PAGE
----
hand set type

He learned to hand-set type when he was a teenager in his dad’s print shop. However, he said he had never set anything as complex as a newspaper page. Mostly they did business cards and smaller flyers.

beekeeping booth
Photo credit: Janet McMurrin

Janet and I were interested in the apiary booth as we’ve both taken up beekeeping this spring. Well, to be accurate she’s taken up beekeeping. Mostly I just watch Dad and ask questions.

The ladies offered a honey taste test with honey from hives in two different Little Rock neighborhoods. One was lighter in color than the other and had a milder taste. Fascinating!

smokehouse

The smokehouse was another place where I learned something new. I had not realized that the smoke doesn’t act as a preservative. It’s to keep the bugs away while salt cures the meat. The smoky flavor is just a side benefit.

But then that little tidbit went out the window when the guy manning the smokehouse admitted that he was smoking cheese that day, and yes, that was strictly for flavor.

photo-op wagon

Since Janet was in period dress, I convinced her to pose in the photo-op wagon. She thought I should, too, but I didn’t have the appropriate outfit. She wasn’t convinced that it was properly authentic anyway since there were no horses, but she went along with it.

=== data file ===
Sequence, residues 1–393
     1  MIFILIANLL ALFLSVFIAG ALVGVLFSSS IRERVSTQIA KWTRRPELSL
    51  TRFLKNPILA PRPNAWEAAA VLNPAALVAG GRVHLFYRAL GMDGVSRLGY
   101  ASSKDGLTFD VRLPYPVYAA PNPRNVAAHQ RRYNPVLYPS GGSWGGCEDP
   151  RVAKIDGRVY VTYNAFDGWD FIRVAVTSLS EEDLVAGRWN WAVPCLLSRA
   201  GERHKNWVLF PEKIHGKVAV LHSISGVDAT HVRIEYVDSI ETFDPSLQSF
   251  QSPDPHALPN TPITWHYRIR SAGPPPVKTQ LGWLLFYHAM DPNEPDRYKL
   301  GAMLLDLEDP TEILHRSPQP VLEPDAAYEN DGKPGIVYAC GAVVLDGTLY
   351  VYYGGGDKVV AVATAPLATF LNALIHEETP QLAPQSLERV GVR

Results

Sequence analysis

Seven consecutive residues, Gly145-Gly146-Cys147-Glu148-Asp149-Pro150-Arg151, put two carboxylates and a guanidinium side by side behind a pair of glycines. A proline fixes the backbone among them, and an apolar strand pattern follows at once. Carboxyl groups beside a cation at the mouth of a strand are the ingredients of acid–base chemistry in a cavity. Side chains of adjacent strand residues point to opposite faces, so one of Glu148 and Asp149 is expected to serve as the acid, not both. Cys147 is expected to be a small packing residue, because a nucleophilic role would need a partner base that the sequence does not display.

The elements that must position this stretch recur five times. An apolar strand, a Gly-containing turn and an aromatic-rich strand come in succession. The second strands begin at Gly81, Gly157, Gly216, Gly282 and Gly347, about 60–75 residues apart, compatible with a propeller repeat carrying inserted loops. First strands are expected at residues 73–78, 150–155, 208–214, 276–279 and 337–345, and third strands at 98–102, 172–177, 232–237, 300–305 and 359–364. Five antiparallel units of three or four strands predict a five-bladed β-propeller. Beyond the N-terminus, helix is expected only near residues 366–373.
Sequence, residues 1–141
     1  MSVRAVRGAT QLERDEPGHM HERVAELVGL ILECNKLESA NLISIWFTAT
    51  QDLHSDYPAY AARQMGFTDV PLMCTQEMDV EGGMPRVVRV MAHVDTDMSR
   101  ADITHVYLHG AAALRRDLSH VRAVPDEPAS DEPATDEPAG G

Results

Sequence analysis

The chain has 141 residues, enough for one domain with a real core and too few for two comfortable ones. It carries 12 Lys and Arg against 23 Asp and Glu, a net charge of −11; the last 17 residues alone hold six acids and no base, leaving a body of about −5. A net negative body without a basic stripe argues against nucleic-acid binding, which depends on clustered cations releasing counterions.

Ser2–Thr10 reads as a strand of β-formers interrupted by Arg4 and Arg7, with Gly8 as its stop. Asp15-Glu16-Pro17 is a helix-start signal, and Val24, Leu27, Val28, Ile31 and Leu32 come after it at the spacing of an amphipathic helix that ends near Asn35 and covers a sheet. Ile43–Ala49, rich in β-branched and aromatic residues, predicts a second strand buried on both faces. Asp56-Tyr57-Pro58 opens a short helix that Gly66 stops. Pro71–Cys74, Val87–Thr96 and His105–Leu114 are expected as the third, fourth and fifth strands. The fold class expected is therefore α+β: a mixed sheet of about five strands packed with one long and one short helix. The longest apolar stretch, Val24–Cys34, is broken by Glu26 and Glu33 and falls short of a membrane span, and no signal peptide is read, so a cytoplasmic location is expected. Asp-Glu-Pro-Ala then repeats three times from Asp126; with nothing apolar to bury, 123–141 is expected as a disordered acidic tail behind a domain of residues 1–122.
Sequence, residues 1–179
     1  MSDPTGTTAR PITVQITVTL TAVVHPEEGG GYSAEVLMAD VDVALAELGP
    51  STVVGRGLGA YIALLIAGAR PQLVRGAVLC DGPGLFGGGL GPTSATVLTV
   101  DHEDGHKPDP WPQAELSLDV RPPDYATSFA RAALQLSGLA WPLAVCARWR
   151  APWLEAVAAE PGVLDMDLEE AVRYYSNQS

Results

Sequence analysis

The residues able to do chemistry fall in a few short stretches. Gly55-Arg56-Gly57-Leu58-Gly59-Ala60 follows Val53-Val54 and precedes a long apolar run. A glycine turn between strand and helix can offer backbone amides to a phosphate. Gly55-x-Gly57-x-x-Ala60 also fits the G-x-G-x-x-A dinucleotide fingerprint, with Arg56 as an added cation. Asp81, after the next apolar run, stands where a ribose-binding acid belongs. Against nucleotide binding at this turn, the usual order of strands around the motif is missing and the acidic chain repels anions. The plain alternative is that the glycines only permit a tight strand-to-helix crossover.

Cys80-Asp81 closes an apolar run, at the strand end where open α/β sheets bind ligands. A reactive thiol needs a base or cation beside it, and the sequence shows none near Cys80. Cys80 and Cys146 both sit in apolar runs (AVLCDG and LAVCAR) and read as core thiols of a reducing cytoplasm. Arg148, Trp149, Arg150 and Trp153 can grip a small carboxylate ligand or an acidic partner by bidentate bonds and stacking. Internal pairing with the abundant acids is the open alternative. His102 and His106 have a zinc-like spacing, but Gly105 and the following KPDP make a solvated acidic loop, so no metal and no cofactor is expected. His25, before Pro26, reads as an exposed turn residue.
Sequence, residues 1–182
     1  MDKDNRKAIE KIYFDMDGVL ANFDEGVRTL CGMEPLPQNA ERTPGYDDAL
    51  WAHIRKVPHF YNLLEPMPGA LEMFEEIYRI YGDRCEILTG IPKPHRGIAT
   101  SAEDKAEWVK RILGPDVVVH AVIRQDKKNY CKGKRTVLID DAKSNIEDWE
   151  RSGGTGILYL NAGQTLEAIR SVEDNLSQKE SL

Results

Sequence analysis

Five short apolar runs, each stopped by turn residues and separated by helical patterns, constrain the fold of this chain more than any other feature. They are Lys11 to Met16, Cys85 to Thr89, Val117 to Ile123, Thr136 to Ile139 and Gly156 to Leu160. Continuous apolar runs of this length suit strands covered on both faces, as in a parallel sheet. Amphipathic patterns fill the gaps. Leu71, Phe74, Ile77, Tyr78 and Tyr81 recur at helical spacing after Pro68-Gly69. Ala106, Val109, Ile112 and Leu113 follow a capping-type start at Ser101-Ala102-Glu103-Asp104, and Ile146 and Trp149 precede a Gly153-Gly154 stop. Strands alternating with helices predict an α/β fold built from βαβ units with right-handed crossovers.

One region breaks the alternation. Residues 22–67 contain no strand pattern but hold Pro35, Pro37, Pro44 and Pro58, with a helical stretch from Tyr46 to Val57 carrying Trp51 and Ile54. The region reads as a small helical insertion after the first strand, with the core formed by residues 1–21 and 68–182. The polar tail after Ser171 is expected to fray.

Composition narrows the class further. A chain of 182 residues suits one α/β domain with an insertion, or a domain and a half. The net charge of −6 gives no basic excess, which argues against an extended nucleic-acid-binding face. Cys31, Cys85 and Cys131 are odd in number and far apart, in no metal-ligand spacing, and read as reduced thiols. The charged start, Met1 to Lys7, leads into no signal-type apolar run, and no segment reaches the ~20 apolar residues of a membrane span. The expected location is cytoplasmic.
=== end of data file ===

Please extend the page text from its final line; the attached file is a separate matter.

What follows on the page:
It was a muggy day. After seeing everything we were interested in throughout the little village, we went inside the museum to browse through the galleries and cool off a bit before heading down the street.

Old Arkansas State House

Old Arkansas State House

The giant oak trees and ornate fountain on the front lawn of the Old State House made it seem cooler than it actually was. Fortunately for us (if not historically authentic), the building is air-conditioned.

Old Arkansas State House

“The Old State House Museum is the original state capitol building of Arkansas and the oldest standing state capitol building west of the Mississippi River.”

Old Arkansas State House

The building has been carefully restored. Many of the rooms are now museum galleries.

First Lady dress

I enjoyed the room with the First Ladies’ outfits and jewelry, though I shudder to think how many thousands of taxpayer dollars go to maintain such frippery. I was amused at this dress with hand-painted symbolism on it. The husband (governor) over her heart, the children on the other side, and the state capitol building, etc. across the full skirt. Isn’t that just so precious?

Also, Hilary’s inaugural gown from 1979 was there. It was not beautiful. But then most clothes from 1979 weren’t.

Old Arkansas State House

The House of Representatives Chamber is set up the way it likely was in 1836. However, we wondered why they put battery-operated candles and lamps on the desks rather than antiques. It’s not like it would be a fire hazard since they weren’t lit. Also, what are the boxes under each desk? Spittoons, maybe?

Old Arkansas State House

There was so much to see and learn that I know we’ll have to go back again sometime.

Old Arkansas State House

Have you been to Little Rock?

Other Arkansas Adventures